In February 1931, Samuel Beckett wrote to his friend Thomas McGreevy to acknowledge receipt of McGreevy’s new book. He was sorry he hadn’t done so already, explaining, “My teeth have been afflicting me and some have to come out and some have to be filled and I am feeling very sorry for myself.” Things would only get worse. During the same period he also told McGreevy: “My bitch of a heart has been keeping me awake.” “I have been paralysed with a most atrocious cold.” “I have been in bed for the last week with a dry pleurisy.” The next year he wrote, “At last I worked myself up to seeing a doctor about my neck, which he described as a deep-seated septic cystic system!!” Under the knife he went—“I had a joint off a hammer toe at the same time”—but the cyst returned. He lay in bed with “pus pouring out into foments through the stitches.” And so it continued, a tough decade for poor Sam: “I am in rotten form, grippé I think, with the old herpes & a slowly festering finger.” “The intestinal pains are worse than they have been so far.” “Another abscess burst, & none too soon.” “A heart attack last night.” “I lie for days on the floor.” “I feel beyond description worthless, sordid, & incapacitated.” “I can’t read, write, drink, think, feel, or move.” “My shoe exploded this afternoon.” “My anus has been giving me a good deal of trouble.” “It is more than I can do to go on.”
It’s impossible to know what Beckett’s correspondents were supposed to make of this. For us, at a distance of some eighty years, knowing that physical wretchedness was to become the big joke in Beckett’s work, his catalog of woe is funny above all. But the Beckett of these years is not the Beckett known to literary history. He has yet to escape Ireland. He writes in English. His cysts are painful and real. In 1935, when he asks, “Is there some way of devoting pain & monstrosity & incapacitation to the service of a deserving cause?”, it’s possible he doesn’t know, as we do, that he’s talking about art.
When and how did Beckett find his voice? A reader’s report on Dream of Fair to Middling Women, which he completed in 1932, declared: “I wouldn’t touch this with a barge pole. Beckett probably is a clever fellow, but here he has elaborated a slavish, & rather incoherent imitation of Joyce…also indecent.” In 1936 a reader of Beckett’s poetry wrote, “I get some sort of idea of the kind of person S.B. is, I learn that he knows Dublin, has read Joyce, and gets a lyrical experience from things which used to be thought not to give it,” but went on to add that the poems themselves were unreadable. “Who is, or will be, his audience?… How, in short, is he to be read, and what is the advantage of reading him?”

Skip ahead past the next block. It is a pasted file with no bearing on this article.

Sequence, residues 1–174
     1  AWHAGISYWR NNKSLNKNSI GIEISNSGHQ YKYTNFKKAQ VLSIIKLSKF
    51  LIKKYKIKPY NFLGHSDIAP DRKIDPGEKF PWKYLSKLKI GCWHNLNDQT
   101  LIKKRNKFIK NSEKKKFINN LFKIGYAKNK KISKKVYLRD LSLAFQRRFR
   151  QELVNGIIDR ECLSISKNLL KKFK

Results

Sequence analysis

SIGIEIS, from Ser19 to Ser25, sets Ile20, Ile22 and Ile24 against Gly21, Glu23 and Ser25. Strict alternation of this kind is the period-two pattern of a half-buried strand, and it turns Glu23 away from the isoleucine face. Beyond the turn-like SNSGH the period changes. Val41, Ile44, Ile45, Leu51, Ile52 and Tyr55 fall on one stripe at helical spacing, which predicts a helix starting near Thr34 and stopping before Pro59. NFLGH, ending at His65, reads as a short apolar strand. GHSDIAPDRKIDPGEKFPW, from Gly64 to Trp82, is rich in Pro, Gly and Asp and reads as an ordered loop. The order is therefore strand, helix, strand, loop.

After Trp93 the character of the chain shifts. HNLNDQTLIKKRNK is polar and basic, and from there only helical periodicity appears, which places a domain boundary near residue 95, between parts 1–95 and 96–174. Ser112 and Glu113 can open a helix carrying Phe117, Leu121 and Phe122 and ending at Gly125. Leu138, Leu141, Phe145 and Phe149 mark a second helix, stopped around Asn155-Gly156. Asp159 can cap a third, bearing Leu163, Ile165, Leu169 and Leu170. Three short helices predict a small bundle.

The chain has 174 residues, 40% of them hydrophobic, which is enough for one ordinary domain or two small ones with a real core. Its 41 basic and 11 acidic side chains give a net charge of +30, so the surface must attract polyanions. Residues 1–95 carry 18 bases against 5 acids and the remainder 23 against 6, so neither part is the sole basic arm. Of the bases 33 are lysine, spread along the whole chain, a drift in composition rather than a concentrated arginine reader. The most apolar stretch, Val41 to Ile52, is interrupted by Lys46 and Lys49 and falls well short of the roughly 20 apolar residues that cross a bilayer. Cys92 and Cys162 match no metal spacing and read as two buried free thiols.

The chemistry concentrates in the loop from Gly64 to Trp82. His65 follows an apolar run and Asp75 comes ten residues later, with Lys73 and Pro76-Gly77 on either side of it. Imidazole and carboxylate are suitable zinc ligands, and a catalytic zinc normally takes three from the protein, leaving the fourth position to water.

These questions are not unfair. If some of the stories in More Pricks Than Kicks (1934) seem to point the way forward, that’s because we know the path is there. Beckett was always looking for an excuse to stop writing. In 1936, when he was struggling to publish Murphy, he complained, “I do not feel like spending the rest of my life writing books that no one will read. It is not as though I wanted to write them.” The cheerful paradox is that from this very conviction—we are all doomed to labor fruitlessly and witlessly at pointless tasks—his greatest art was born.
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Cambridge University Press has now published two of a projected four volumes of Beckett’s letters, and these are certainly the most important. The first runs from 1929 through 1940, the second from 1941 through 1956, and together they cover the critical events of Beckett’s writing life: his flight from Ireland in 1937; his decision, at more or less the same time, to begin writing in French; and his turn from fiction to drama in the late 1940s and early 1950s. Many of the letters have been available to scholars for years, so these volumes don’t add a great deal to what’s already known about Beckett’s philosophical and aesthetic vision. What they do reveal is the man himself, the real person, and this is a crucially important discovery, because the popular image of Beckett as a steel-haired ascetic with staring eyes—Beckett the great mind, the dissertation subject—tends to obscure the great humanity of his work.